President Bush at a meeting on the Patriot Act in the White House on Jan. 3, 2006. (AP/Ron Edmonds)
The New York Times has sued the Obama administration over the Justice Department's denial of a Freedom of Information Act request from the paper that sought an explanation of the federal government's interpretation of a part of the Patriot Act.
In May, two members of the Senate Intelligence Committee introduced an amendment to pending legislation that would extend some expiring provisions in the Patriot Act, which was signed into law in 2001. (President Barack Obama signed a four-year extension of the Patriot Act's key provisions on May 26.)
The amendment, proposed by Senators Ron Wyden and Mark Udall, would have require the Justice Department to publicly explain its interpretation of a surveillance law that was modified by the Patriot Act.
"I wish to deliver a warning this afternoon," Wyden said on the Senate floor in May. "When the American people find out about how their government has secretly interpreted the Patriot Act, they are gang to be stunned and they are going to be angry."
Udall added, "Americans would be alarmed if they knew how this law is being carried out."
In the wake of their comments, the Times and Charlie Savage, a reporter in the paper's Washington bureau, filed an FOIA request in June demanding the release of a secret report--issued by attorney general Eric Holder and director of national intelligence James Clapper in February--that includes the government's position on the law.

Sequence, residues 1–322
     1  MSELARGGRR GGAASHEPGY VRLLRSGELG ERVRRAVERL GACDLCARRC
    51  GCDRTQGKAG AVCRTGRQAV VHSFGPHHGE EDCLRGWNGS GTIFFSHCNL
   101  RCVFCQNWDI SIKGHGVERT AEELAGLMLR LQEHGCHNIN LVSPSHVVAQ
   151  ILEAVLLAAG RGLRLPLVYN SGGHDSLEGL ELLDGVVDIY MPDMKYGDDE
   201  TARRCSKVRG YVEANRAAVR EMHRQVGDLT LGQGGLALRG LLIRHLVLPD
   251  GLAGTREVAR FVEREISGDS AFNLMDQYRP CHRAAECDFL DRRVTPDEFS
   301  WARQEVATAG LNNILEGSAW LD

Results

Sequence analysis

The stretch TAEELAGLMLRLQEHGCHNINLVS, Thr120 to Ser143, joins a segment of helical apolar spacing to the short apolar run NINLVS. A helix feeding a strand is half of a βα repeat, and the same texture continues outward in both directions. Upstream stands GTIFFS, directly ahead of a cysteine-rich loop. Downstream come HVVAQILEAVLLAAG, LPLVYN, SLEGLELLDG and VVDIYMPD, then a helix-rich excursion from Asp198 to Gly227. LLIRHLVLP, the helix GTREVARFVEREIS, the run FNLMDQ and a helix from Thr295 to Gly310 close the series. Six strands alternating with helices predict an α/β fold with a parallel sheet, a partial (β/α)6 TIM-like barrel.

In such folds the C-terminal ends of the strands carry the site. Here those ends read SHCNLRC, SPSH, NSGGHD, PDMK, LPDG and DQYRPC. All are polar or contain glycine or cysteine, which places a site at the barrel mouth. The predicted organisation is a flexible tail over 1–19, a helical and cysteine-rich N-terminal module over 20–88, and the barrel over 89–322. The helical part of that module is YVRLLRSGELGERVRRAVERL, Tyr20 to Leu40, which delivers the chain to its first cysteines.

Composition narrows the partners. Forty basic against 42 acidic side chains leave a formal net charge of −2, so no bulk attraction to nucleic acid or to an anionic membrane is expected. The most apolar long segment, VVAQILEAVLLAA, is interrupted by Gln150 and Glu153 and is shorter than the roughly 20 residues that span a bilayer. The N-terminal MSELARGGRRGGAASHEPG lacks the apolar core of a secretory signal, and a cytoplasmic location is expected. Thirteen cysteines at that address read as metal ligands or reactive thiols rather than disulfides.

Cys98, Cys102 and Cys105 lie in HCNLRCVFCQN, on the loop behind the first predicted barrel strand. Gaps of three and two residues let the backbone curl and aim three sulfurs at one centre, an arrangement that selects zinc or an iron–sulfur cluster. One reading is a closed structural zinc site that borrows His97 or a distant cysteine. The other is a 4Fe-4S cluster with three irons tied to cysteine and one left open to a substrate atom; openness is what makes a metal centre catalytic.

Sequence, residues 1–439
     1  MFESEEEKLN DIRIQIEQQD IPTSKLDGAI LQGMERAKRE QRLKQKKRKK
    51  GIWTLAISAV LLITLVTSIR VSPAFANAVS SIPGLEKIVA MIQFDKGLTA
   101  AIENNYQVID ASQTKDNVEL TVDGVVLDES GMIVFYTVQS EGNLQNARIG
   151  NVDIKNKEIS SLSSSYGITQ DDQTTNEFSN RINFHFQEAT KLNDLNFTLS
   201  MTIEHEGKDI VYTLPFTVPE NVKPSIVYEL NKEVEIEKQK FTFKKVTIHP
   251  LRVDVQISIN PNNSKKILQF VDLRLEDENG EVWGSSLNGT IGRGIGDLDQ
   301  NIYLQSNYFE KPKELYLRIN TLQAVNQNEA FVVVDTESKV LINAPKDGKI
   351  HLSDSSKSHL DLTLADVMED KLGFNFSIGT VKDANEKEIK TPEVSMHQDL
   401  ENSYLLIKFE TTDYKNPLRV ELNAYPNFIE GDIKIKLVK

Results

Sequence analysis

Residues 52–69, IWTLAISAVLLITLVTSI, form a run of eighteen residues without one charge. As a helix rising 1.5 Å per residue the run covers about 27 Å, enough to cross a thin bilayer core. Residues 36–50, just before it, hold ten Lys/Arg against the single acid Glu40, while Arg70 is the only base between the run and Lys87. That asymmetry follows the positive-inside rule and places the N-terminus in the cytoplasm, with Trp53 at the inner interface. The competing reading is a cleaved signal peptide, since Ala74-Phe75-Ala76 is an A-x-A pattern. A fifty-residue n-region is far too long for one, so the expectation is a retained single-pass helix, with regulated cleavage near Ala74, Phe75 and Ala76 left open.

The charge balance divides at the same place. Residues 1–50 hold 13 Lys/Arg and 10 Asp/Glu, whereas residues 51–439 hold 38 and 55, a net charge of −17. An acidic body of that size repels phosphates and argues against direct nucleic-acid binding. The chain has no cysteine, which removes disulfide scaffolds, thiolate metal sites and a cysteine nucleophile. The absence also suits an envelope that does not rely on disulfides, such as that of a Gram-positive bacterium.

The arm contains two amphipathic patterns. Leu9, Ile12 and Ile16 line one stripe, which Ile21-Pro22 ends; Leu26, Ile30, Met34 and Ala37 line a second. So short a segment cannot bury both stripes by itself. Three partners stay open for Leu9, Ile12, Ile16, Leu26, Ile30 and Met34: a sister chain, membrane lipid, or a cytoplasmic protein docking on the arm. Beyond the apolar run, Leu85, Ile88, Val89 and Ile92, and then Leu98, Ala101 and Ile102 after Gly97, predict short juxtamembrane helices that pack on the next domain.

The Justice Deptartment denied the request, claiming the report is classified. The Times appealed that decision in late August, and the Justice Department has yet to respond.
According to the suit, filed on October 5 in the U.S. Southern District Court in New York, the Times and several lawmakers are particularly interested in section 215 of the Patriot Act, which allows the FBI to seize "any tangible things (including books, records, papers, documents, and other items) for an investigation to protect against international terrorism or clandestine activities." (The FBI only has to show "reasonable grounds" to obtain court orders, the suit adds.)
The Justice Department has claimed the entire report is classified, but the Times is wondering what happened to its black marker. "Even if parts of the Report are properly classified," the Times argues, "DOJ has an obligation to redact non-public portions of the Report and release those portions that are public."
According to University of Texas professor and national security law scholar Robert Chesney, if the government is forced to reveal its position on a law, it could have "significant" impact on future FOIA requests.
"The suit itself presents the question whether legal analysis, as distinct from details of the program itself, warrants protection under FOIA exemptions," Chesney wrote on Lawfareblog.com. "If successful, of course, this strategy could have significant implications across a range of settings involving internal government legal advice."
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